The main aim of this study was to determine whether barriers and enablers to sitting less at work varied in organisations which differed in terms of size and sector. This study found that, although some themes were consistently raised by participants from organisations of different size and sector, participants from these organisations also experienced some differences which may be important to consider when developing and implementing sit less at work interventions.
Overall, four major influencing factors were identified: individual factors; organisational factors; the internal physical environment; and the broader social, economic and political context. These are consistent with the ecological model of sedentary behaviour [24, 25], which proposes that sedentary behaviours are influenced at multiples different levels, such as at an individual-, social-, community/organisational-, environmental-, and policy-level, which interact and feedback to each other as part of a dynamic system. Hadgraft et al.  recently conducted a qualitative systematic review which explored barriers and enablers to sitting less at work and also grouped emerging themes in line with the ecological model of sedentary behaviour [24, 25]. Furthermore, the sub-themes identified by this present study were broadly consistent with barriers and enablers identified by the review by Hadgraft et al. .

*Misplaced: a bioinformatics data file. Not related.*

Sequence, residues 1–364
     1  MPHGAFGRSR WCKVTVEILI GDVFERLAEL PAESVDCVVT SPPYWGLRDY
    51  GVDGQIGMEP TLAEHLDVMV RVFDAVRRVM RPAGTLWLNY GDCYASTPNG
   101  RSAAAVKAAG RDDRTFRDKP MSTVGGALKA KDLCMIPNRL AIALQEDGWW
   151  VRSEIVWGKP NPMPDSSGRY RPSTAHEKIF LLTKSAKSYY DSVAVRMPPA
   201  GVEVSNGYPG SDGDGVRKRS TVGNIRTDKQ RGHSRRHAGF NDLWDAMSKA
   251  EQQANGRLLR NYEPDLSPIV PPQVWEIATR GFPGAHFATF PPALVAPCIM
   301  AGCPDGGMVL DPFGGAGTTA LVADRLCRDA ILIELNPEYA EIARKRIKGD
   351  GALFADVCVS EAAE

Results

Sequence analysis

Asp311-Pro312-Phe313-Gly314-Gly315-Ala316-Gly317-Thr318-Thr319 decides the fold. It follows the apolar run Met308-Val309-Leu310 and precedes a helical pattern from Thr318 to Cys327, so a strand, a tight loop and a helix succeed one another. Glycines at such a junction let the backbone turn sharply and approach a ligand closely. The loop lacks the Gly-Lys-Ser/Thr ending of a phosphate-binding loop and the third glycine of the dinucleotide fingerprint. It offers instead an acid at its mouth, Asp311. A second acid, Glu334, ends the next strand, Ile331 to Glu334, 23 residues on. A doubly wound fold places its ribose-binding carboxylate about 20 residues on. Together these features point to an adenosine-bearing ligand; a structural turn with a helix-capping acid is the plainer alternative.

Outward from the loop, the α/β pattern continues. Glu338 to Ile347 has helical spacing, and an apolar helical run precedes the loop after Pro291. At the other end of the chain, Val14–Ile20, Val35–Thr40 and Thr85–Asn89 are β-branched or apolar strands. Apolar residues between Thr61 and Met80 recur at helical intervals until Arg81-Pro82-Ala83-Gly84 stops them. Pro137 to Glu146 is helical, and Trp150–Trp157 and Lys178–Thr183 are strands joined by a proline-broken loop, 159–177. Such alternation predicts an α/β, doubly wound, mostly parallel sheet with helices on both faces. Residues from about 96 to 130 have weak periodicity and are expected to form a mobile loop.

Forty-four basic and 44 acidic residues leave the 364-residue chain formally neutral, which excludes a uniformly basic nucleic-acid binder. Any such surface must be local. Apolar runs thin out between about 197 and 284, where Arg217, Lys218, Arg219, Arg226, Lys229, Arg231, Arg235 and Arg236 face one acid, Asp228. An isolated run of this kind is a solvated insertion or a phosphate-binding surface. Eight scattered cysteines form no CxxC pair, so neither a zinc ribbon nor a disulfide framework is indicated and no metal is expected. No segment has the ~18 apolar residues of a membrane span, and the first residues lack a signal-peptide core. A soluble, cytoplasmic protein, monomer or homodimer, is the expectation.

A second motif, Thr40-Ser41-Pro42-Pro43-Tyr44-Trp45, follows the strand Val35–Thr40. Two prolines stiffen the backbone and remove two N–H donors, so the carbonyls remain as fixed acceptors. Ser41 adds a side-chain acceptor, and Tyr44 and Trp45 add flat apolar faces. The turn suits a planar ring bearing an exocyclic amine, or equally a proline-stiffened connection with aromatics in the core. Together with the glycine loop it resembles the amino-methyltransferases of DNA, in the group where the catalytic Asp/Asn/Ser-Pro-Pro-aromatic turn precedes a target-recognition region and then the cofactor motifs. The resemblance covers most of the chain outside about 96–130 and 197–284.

Sub-themes identified in this study which were consistently raised by participants from all four organisations, included: habits and routines; personal motivations and preferences; the nature of work; building location, facilities and layout; the fact that the workplace is designed for sitting; and the idea that sitting is the norm and standing is counter normative. These similarities mainly referred to individual factors and issues relating to the internal physical environment, which tend to be associated with the inevitable constraints of office work. These constraints were similar across all organisations as this study intended to assess barriers and enablers to sitting less at work in organisations where office-based work was predominant, so this finding is unsurprising. Furthermore, although sub-themes relating to the internal physical environment were broadly consistent across the four organisations, the actual environments were inevitably different for each organisation. These differences are not necessarily a reflection on the size or sector of the organisation, but rather of the availability of internal facilities and physical location of the building. One difference in the local authority related to barriers to using and accessing standing desks. The other participating organisations did not have access to standing desks, explaining why this theme was specific to the local authority. Many intervention studies have focused on standing desks or sit-stand desks as the “solution” to the sedentary behaviour in the workplace problem [6, 7, 29,30,31]. However, only barriers (not enablers) to using the standing desks were reported by staff in the local authority, which may indicate that such an intervention may not be appropriate in every organisation. The local authority demonstrated other competing and interacting influences that may have mitigated against the use of standing desks, for example the organisational culture impacted on their use as participants reported that they did not want to “stand out” or look foolish. This highlights how ingrained office behaviours are and how this may relate to professional identities and status.